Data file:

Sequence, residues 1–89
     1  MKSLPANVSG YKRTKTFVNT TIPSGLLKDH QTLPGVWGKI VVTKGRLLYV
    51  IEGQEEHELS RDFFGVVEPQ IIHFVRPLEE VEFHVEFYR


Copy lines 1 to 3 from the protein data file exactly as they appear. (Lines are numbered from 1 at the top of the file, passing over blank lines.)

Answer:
Sequence, residues 1–89
     1  MKSLPANVSG YKRTKTFVNT TIPSGLLKDH QTLPGVWGKI VVTKGRLLYV
    51  IEGQEEHELS RDFFGVVEPQ IIHFVRPLEE VEFHVEFYR